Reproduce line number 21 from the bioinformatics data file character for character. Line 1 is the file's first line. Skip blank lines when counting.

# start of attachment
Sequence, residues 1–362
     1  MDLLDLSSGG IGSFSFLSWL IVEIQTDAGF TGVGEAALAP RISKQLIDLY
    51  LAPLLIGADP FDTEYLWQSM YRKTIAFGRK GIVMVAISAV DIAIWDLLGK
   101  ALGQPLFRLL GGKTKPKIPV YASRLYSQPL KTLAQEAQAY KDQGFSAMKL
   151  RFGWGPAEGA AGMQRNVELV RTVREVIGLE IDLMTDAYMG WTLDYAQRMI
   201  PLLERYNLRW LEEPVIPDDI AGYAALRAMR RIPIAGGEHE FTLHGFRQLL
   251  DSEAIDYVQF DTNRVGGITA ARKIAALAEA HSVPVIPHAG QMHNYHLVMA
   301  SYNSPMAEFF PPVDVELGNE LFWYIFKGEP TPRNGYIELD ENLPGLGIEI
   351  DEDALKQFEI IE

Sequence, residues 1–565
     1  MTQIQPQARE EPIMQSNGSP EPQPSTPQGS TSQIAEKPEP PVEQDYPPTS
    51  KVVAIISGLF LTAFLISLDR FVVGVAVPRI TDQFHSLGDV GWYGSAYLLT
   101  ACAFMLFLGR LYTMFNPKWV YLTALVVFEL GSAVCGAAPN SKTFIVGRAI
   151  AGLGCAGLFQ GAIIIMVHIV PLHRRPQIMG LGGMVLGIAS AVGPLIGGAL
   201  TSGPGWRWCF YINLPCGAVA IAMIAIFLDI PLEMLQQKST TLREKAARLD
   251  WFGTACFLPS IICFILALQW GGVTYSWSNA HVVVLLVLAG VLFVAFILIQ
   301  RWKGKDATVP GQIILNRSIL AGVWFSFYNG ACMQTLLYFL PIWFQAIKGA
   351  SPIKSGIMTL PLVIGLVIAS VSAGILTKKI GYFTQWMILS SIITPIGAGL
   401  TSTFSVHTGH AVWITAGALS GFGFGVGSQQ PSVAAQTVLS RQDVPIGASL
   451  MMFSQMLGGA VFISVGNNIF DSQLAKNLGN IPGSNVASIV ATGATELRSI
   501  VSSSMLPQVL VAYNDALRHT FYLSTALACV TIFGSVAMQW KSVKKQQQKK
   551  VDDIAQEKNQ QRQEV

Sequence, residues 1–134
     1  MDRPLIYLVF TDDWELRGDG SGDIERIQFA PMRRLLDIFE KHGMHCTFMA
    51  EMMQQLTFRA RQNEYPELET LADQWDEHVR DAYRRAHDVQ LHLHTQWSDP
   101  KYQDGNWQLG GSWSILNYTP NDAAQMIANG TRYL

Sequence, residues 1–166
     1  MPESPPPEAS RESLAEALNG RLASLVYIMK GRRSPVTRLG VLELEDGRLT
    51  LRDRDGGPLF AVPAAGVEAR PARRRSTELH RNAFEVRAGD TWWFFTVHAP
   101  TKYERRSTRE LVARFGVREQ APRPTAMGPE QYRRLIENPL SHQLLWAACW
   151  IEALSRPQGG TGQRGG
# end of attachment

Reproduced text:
   501  VSSSMLPQVL VAYNDALRHT FYLSTALACV TIFGSVAMQW KSVKKQQQKK